Politics & Government

Political news

Federal investigators have interviewed top aides to Hillary Clinton about her use of a private email server, the latest advance in an ongoing investigation into whether her email practices as secretary of state may have compromised classified information, according to two people familiar with the matter.

The interviews, of close aides including Huma Abedin, have been conducted by FBI agents, lawyers from the Justice Department's National Security division, and prosecutors from the U.S. Attorney's Office in Alexandria, Va.

So here we are. Noisily embraced by the plurality of Republican voters, not-so-quietly reviled by most Republican leaders, Donald Trump is all but assured that party's presidential nomination.

Journalists astonished at the result — and believe me, most are stunned by what's unfolded — find themselves confronted by some form of this question: Is the media to blame for Donald Trump?

It looks like more bad news for the new executive director of the U.S. Election Assistance Commission. Brian Newby is already being sued by the League of Women Voters for his decision earlier this year to allow Kansas and two other states to require residents to show proof of citizenship when they register to vote using a federal form. The move effectively reversed a long-standing EAC policy.

De facto Republican presidential nominee Donald Trump celebrated Cinco de Mayo on Thursday. And being a Twitter aficionado, he couldn't resist telling the world.

"Happy #CincoDeMayo! The best taco bowls are made in Trump Tower Grill," he declared in celebration of the holiday that commemorates the Battle of Puebla in 1862.

"I love Hispanics!" he added.

His message immediately caused a Twitter frenzy. Some were frustrated at what they felt was Trump pandering to Hispanics:

Copyright 2016 NPR. To see more, visit http://www.npr.org/.

Don't add House Speaker Paul Ryan to the list of Republicans who are, even reluctantly, backing de facto GOP presidential nominee Donald Trump.

"I'm just not ready to do that at this point. I'm not there right now," the party's 2012 vice presidential nominee said in an interview on CNN's The Lead with Jake Tapper.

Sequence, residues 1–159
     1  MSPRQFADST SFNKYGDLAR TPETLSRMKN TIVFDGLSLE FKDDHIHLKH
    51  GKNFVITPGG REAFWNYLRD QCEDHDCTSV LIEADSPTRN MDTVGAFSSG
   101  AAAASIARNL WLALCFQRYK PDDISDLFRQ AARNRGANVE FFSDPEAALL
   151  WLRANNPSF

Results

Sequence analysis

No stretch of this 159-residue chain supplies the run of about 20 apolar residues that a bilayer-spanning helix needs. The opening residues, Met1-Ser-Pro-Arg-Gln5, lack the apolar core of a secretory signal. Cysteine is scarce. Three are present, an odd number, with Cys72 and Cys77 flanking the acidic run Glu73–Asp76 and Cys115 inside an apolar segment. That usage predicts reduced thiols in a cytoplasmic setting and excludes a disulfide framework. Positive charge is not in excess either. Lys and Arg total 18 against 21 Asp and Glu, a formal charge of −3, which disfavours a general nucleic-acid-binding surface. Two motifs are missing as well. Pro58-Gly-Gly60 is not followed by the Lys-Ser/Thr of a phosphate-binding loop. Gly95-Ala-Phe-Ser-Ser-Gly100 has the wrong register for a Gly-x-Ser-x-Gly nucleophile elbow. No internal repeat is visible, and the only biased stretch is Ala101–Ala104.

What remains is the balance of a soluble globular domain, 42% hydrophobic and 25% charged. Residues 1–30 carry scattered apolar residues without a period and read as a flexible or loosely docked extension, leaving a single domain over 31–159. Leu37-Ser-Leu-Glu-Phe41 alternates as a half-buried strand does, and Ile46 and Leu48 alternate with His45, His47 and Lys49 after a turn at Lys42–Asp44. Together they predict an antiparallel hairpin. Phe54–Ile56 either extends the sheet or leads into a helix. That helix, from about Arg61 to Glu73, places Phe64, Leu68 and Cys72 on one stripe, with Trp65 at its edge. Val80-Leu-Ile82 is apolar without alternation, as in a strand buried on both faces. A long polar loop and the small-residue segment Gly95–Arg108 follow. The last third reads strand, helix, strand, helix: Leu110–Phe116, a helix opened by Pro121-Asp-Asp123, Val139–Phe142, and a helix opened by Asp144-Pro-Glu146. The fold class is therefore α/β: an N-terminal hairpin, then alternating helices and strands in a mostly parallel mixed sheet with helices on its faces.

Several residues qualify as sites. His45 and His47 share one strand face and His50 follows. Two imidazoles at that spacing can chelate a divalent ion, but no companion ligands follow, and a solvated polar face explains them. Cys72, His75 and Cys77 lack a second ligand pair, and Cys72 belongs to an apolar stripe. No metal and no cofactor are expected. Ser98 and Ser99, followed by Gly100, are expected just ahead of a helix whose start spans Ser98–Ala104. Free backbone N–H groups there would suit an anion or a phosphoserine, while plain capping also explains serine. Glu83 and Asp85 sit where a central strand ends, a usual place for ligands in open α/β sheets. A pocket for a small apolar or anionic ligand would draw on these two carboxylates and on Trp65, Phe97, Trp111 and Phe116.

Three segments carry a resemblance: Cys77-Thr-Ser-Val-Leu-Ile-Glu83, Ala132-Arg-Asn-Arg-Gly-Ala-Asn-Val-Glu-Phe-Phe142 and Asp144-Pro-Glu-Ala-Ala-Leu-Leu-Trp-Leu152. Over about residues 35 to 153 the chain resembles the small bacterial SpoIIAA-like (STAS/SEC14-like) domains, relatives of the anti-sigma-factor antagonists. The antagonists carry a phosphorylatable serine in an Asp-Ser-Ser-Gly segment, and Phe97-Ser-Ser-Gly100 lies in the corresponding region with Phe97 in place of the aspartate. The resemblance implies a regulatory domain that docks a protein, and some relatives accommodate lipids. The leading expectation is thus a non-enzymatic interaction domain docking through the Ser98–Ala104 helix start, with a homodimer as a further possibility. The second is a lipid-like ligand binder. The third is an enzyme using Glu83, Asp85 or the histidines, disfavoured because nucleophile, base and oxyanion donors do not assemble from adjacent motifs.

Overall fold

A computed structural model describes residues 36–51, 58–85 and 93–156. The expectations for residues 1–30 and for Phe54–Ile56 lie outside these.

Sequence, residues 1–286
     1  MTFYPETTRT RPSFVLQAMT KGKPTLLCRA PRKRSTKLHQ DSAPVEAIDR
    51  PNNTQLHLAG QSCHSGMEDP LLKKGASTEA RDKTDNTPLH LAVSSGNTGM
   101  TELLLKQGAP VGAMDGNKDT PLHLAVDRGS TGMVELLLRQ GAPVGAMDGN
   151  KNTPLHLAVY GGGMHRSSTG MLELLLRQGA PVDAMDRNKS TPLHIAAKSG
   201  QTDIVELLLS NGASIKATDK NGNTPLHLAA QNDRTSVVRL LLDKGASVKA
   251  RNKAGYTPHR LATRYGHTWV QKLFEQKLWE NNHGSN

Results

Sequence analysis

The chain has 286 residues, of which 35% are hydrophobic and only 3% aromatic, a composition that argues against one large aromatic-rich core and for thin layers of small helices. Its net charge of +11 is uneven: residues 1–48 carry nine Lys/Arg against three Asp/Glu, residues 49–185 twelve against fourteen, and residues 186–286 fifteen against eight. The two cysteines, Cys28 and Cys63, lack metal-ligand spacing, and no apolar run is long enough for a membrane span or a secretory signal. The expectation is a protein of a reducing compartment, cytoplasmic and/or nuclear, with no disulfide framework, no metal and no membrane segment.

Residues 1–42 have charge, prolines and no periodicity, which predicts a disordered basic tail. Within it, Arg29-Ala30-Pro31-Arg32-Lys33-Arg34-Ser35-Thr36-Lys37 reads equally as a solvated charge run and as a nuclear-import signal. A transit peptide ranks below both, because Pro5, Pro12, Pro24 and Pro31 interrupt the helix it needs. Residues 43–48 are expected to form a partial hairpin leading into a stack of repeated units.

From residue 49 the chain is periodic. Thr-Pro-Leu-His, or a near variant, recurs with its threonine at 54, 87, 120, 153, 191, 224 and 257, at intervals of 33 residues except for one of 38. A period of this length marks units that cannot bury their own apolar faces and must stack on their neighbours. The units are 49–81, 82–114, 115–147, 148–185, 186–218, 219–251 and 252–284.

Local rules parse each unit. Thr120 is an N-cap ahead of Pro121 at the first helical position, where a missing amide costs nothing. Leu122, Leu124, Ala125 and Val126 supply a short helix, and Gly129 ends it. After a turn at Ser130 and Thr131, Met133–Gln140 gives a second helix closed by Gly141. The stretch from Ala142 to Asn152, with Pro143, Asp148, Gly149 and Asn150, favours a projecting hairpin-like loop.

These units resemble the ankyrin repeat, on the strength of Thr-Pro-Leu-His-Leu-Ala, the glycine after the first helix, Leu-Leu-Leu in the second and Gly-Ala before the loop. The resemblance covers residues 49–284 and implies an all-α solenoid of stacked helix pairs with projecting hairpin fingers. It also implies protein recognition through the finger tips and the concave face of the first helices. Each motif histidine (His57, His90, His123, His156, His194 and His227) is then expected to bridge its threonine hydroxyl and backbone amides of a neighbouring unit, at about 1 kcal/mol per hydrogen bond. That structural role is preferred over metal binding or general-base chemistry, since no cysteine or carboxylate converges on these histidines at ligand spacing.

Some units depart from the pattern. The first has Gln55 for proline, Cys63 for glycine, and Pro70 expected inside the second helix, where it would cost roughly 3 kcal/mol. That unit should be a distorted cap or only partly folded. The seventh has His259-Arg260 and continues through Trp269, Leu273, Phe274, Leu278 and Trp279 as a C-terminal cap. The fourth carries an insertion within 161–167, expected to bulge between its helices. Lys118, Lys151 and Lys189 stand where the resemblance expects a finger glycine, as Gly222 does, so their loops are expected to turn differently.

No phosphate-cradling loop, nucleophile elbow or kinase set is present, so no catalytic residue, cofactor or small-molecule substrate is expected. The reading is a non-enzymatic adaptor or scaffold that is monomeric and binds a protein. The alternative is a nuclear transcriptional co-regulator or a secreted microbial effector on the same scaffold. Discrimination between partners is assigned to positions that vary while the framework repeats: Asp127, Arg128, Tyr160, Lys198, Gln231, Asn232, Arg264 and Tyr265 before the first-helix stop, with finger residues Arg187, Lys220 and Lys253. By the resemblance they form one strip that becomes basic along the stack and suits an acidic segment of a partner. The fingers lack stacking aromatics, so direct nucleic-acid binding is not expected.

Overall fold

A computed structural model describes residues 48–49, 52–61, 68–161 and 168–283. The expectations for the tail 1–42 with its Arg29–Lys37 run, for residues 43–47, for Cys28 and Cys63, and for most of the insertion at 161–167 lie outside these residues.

The Wisconsin Republican signaled he would eventually like to support Trump, who became the GOP's likely White House nominee this week after both Texas Sen. Ted Cruz and Ohio Gov. John Kasich withdrew from the race.

Copyright 2016 NPR. To see more, visit http://www.npr.org/.

Copyright 2016 NPR. To see more, visit http://www.npr.org/.

Copyright 2016 NPR. To see more, visit http://www.npr.org/.

A top party leader, a committee chairman with a deep understanding of national security, and an aspiring senator endorsed Donald Trump shortly after he secured his place as the de facto 2016 GOP presidential nominee.

It's as sure a sign as any that the party is falling in line behind the New York businessman as he prepares to face off against Hillary Clinton in the general election. Even if their hearts are not in it.

A U.S. Army captain has filed a lawsuit against President Obama over the legality of the war against ISIS in Iraq and Syria.

Capt. Nathan Michael Smith, 28, who is currently on active duty in Kuwait, filed the lawsuit Wednesday in U.S. District Court for the District of Columbia. He argues that the war is illegal because it lacks congressional authorization.

Copyright 2016 NPR. To see more, visit http://www.npr.org/.

Copyright 2016 NPR. To see more, visit http://www.npr.org/.

Democratic presidential candidate Bernie Sanders spoke with NPR's Steve Inskeep.


STEVE INSKEEP: How is West Virginia different, if at all, from anywhere else you campaigned?

SEN. BERNIE SANDERS: Well, West Virginia has some pockets of the worst poverty in the United States of America.

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